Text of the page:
Take for example Public Service Electric and Gas Co., who have partnered with other New Jersey utilities and organizations to offer a career awareness program, developed by the Center for Energy Workforce Development, called Women in Sustainable Employment Pathways. This program helps participants prepare for fields in the trades that they may not have seen themselves in previously. Women work on resumes, team building, conflict resolution, networking, interviewing and applications throughout a 40-hour course and then interview for a desired position at the end of the program.

One advantage of having an inclusive workforce is improved customer service when dealing with an increasingly diverse customer base. This lends itself to fostering different perspectives among leadership and ultimately leads to better solutions for ratepayers. Please let us know in the comments below how your company is implementing ways to create a more inclusive and diverse work environment.

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Jackie Bavaro Natural Gas Utilities Offer Unique Education Programs Geared toward Youth

The cover story for the July issue of American Gas magazine titled, “More Than Child’s Play,” spotlights how AGA-member companies—Piedmont Natural Gas, Consumers Energy, Avista Corp., Washington Gas and Pepco Holdings—are diversifying their education initiatives by teaching youth about energy efficiency resources.

CHilds PlayThrough local partnerships, natural gas utilities are aiming to hone their messages with the intent to increase safety awareness, reduce at-home energy use and pique interest in STEM-related careers for kids. Take for example, Consumers Energy which has been working with the National Energy Foundation to deliver interactive classroom presentations on energy efficiency. The presentations which are geared toward fourth through seventh graders and reach 33,000 students each year, are aligned with state science standards. Kids receive toolkits filled with energy-saving tips and devices such as aerators and low-flow showerheads to use at home. As a result, Consumers Energy recently announced that its energy efficiency programs have helped homes and businesses save more than $1 billion since 2009.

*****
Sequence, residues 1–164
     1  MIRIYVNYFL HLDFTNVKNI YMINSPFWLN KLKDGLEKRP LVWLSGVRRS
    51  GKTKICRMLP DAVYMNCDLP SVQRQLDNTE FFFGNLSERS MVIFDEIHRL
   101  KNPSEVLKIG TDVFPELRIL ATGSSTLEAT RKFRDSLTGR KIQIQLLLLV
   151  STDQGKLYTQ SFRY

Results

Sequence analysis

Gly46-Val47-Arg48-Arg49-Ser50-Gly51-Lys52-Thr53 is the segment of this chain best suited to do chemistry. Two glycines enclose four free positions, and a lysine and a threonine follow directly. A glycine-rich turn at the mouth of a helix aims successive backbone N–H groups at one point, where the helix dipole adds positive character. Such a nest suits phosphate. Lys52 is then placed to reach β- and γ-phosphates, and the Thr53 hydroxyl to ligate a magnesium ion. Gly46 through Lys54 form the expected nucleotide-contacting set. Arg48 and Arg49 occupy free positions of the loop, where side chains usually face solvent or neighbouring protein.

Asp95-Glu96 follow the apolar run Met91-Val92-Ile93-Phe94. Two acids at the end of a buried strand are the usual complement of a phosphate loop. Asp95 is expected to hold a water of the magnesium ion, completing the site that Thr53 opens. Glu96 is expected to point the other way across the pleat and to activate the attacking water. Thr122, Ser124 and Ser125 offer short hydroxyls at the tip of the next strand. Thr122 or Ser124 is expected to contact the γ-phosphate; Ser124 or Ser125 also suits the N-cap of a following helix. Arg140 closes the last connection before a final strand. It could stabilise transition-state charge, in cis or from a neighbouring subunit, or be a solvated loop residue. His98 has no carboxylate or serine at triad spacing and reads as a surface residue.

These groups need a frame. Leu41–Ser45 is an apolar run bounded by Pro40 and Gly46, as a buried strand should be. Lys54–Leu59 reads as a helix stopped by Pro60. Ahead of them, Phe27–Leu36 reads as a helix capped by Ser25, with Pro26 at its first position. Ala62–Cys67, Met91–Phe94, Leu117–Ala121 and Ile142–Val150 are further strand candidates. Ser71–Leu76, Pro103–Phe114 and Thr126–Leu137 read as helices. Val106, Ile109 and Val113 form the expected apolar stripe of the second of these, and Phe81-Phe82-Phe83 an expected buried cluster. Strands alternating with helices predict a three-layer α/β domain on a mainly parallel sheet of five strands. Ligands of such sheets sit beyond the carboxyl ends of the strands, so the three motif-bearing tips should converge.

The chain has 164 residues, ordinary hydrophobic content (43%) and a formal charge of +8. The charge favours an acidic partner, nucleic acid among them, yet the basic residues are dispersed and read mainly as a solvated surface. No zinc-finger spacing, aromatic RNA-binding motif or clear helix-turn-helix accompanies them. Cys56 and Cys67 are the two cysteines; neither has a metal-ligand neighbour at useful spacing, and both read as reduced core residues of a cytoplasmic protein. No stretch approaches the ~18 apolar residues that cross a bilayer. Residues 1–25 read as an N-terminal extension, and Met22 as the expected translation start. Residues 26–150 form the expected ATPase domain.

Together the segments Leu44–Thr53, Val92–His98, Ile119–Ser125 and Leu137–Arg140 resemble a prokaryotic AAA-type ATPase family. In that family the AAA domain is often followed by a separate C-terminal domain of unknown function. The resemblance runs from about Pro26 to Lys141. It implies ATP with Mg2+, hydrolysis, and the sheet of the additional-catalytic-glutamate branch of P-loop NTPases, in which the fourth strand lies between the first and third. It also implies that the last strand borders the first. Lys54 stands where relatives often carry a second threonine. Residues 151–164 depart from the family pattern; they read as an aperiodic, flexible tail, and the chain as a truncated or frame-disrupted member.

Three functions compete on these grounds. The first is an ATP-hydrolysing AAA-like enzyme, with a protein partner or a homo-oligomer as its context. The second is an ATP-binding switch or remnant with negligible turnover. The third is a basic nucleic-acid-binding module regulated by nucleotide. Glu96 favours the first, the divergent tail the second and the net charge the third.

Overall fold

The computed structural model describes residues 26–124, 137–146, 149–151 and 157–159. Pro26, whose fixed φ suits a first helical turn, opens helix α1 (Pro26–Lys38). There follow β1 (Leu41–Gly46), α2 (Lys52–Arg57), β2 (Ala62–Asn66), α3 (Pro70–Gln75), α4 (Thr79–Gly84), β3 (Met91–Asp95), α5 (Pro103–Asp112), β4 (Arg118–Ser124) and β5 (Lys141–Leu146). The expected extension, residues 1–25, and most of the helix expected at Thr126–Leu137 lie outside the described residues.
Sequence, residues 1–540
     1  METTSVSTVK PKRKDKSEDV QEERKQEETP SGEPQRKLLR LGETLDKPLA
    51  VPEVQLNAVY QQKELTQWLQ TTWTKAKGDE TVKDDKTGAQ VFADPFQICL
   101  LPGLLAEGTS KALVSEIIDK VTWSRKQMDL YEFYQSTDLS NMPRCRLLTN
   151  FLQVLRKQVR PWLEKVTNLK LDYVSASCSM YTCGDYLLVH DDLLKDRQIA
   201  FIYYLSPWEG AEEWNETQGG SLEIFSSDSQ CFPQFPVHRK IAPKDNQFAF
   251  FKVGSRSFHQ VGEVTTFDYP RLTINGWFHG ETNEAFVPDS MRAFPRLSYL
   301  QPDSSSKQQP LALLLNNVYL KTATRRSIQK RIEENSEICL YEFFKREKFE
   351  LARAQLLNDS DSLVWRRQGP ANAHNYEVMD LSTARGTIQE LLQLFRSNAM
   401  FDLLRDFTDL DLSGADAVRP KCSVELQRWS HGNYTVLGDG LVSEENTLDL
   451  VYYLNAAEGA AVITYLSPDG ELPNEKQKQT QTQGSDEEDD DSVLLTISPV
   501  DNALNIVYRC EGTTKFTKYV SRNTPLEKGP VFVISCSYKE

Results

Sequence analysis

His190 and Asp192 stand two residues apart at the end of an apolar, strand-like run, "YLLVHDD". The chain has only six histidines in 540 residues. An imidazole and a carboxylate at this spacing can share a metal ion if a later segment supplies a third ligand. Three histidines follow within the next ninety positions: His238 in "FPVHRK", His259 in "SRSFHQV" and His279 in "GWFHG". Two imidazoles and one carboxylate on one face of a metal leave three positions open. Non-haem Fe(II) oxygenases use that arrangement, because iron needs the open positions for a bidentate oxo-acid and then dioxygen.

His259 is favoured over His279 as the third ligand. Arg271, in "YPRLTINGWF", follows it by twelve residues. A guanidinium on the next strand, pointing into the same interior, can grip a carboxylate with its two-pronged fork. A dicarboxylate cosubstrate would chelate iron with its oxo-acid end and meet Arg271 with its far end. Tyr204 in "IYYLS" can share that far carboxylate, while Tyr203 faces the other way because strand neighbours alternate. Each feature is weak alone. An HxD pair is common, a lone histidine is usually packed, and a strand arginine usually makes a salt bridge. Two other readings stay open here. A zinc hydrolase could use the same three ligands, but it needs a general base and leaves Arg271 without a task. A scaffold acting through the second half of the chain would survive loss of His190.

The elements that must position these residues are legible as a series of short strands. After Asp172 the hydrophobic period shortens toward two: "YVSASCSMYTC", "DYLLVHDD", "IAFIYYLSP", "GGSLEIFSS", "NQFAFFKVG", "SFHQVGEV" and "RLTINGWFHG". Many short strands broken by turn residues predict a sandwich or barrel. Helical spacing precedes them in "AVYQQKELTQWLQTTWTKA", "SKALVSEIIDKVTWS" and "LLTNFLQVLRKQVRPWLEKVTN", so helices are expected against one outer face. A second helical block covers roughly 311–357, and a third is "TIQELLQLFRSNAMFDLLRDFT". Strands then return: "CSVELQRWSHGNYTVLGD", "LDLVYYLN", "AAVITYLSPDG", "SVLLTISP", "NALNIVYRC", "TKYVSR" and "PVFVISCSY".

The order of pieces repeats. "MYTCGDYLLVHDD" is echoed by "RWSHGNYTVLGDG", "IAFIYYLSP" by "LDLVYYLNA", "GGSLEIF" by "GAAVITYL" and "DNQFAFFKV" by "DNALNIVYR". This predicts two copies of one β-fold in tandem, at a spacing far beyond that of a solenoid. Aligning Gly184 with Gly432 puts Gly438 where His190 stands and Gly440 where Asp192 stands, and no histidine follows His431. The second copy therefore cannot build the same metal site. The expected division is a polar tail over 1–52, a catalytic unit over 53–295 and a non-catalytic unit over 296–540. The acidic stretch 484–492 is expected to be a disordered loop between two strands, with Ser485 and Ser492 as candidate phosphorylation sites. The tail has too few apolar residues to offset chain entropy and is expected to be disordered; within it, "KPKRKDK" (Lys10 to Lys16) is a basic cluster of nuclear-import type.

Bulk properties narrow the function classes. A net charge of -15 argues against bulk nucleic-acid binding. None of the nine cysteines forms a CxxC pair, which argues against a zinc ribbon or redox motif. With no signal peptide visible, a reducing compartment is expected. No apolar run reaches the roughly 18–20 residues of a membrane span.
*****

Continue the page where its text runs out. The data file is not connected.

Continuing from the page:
In the District of Columbia, Washington Gas has partnered with Pepco Holdings, to create an interactive video game, “YOUtility Challenge,” to engage students to share energy efficiency messages on a platform they are already familiar with. This program puts a real-life spin on financial literacy for eighth graders, and features a family scenario and salary to help students make smart choices about paying bills and budgeting. The goal is to serve 9,000 students in Prince George’s County and southern D.C.

Piedmont Natural Gas, located in Charlotte, North Carolina, contracts with the National Theatre for Children to present live stage shows in nearly 65 schools across the country. The current version of the scripted, two-actor production, shares messages of energy efficiency and safety, and offers classroom materials such as posters and workbooks to students. Meanwhile, Avista Corp., based in Spokane, Washington, developed a web-based cartoon hound named Watson, who serves as an engaging character that provides important energy use lessons to young children.

Each community is different and the approaches that natural gas utilities employ to teach energy efficiency are unique. We appreciate the exceptional efforts by our member companies to increase education and awareness to consumers at an early age. Please let us know in the comment section below what your company is doing to provide energy education in your community.